Cognitive learning strategies involve the mental or physical manipulation of the material to be learned. The strategies are resourcing, grouping, note taking, and elaboration. Teachers model, rehears, and support students the use of learning strategies in the classroom. Social/affective learning strategies interconnect the cognitive and the sociocultural dimensions of the biography. This kind of strategies considers two levels: the individual level and the interactive level.
Moreover the learning style of one learner is different from another learner. So the strategies they employ in learning a language also differ. For example some of the learners prefer listening to lectures on language to writing or reading the language. Some learners may be comfortable to read rather than to speak or write. But to learn a language they must improve the four basic LSRW skills.
Consequently, the strategies develop “learner autonomy, independence, and self-direction” (Oxford & Nyikos, 1989, p. 291). When the students are equipped with different kinds of VLSs, they can decide how exactly they would like to come up with unknown words. Having a good knowledge of the existing strategies and the ability to make use of them in suitable situations might considerably make the learning process of new vocabulary simpler for students. For instance, when a given student himself/herself selects which words to study, they can remember the words better than when someone else chooses the words for them (Ranalli, 2003; cited in Gani Hamzah et al.,
Learning strategies represent the behavior and thoughts, which occupies a student during learning. Learning strategies are the techniques used by students to test the new material to develop, organize and / or to understand and influence self-motivation and feelings. The use of mnemonic devices can be seen as one type of learning strategy. Learning strategies can be divided into several categories as under: - 1. Rehearsal strategies (For example, repeat items in a list, highlight the text of an article) Uses repeated practice to learn information.
Rubin derived the language learning strategies under the perspective of cognitive psychology. Afterwards, the scope of language learning strategies (LLSs) was integrated with the cognitive of psychology in which Training research on learning strategies with second languages has been limited almost exclusively to cognitive strategy applications. In the point of that view, various types of strategies were born, as O’Malley cited “Cognitive strategies are more directly related to individual learning tasks or transformation of the learning tasks and entail direct manipulation or transformation of materials” (Brown and Palincsar, 1982). Another type of LLSs that suggested in the literature on cognitive psychology was metacognitive strategies which involve “thinking about the learning process, planning for learning, monitoring comprehension or production while it is taking place, and self-evaluation of learning after the language activity is completed” (O’Malley et al, 1985;
Motivation in language learning plays a vital role. It produces effective second-language communicators by planting in the learners the seeds of self-confidence. In order for English instructors to motivate them, a number of methods are needed both within and outside the classroom. According to Hussin, et al. (2001): They state that six factors influence motivation in language learning: (i) attitudes, (ii) beliefs about self, (iii) goals, (iv) involvement, (v) environmental support, and (vi) personal attributes.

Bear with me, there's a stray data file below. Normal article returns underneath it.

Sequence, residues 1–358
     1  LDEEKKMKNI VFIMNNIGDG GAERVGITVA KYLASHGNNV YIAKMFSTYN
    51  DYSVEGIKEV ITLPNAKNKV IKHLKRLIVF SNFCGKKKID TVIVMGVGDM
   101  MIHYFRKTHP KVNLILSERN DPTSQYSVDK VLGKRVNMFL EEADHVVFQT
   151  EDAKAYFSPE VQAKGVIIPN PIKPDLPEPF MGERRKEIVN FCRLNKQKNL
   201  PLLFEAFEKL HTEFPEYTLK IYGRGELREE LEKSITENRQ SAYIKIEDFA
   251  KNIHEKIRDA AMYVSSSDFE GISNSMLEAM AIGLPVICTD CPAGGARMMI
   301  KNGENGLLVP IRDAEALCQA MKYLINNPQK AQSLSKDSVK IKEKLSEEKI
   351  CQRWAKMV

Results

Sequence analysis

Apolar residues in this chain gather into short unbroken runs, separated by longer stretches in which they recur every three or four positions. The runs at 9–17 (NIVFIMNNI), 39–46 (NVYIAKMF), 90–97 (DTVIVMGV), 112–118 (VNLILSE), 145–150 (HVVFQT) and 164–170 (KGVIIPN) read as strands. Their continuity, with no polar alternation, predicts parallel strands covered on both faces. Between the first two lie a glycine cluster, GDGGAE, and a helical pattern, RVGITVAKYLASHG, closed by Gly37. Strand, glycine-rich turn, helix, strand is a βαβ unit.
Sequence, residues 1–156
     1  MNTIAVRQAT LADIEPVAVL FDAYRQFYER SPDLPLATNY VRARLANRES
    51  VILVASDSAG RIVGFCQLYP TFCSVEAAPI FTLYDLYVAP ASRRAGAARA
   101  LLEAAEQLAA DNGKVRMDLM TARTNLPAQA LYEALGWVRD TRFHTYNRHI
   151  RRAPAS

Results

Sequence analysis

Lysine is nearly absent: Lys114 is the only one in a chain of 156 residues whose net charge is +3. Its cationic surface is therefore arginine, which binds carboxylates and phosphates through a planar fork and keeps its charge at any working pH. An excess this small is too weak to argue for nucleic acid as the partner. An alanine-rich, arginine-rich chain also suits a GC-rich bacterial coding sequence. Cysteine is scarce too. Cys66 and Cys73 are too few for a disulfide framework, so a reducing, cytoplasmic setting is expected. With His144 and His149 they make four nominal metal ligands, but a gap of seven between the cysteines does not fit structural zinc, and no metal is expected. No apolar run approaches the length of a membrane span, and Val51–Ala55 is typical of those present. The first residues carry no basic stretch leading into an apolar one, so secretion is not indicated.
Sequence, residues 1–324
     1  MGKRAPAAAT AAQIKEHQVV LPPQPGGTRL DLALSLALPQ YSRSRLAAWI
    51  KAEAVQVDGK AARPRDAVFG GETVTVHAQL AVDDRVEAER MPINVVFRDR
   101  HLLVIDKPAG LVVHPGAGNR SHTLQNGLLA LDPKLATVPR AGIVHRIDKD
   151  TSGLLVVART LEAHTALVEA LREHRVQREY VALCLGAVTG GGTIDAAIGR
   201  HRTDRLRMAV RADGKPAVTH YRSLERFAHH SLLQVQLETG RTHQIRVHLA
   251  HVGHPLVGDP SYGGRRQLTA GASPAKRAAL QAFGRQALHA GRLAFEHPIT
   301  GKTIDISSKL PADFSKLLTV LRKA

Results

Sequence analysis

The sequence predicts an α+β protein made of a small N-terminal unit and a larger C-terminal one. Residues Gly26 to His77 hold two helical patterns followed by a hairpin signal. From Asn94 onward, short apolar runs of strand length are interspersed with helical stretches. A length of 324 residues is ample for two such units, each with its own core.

This section will discuss the theoretical framework of the study together with studies in the field of vocabulary learning strategies and their importance in language learning. 3.1 The importance of teaching vocabulary In the past, vocabulary was given little attention in the field of language teaching. This approach towards vocabulary was due to fact that linguistic research focused on syntax and phonology and neglected the important role of vocabulary teaching and learning. However, recent years recognized the vital role of vocabulary. (Richards &Renandya: 2002 ; Carter & McCarthy ;Koda; 1997 ; Paribakakht&Wesche: 1997).
Language is a way of expressing ideas and gives us the extraordinary ability to describe the contents of our thoughts. Familiarity with ways that help us to learn a language is very important. In the process of learning a Language many skills work together to create a link between a speaker and interlocutors. These skills generally taught and assessed in terms of the ‘four basic language skills, including listening, speaking, reading, and writing. All language learners will need to develop their skills in each of these sections.
Chapter two: Language learning strategies 1-Definition of language learning strategies: Learning strategies are behaviors or thoughts that a Lerner engages in during learning that are intended to influence the learners encoding process (Weinstein Mayer, 1986, p.315). more specifically learning strategies are operation employed by the learner to aid the equation, storage, retrieval, and use of information specific actions taken by the learner to make learning easier, faster, more enjoyable, more self-directed, more effective and more transferable to new situations (Rebecca oxford, p. 8). learning strategy for L2s are “specific actions, behaviors, steps, or techniques such as seeking out conversation partners, or giving oneself encouragement to tackle a difficult language task used by students to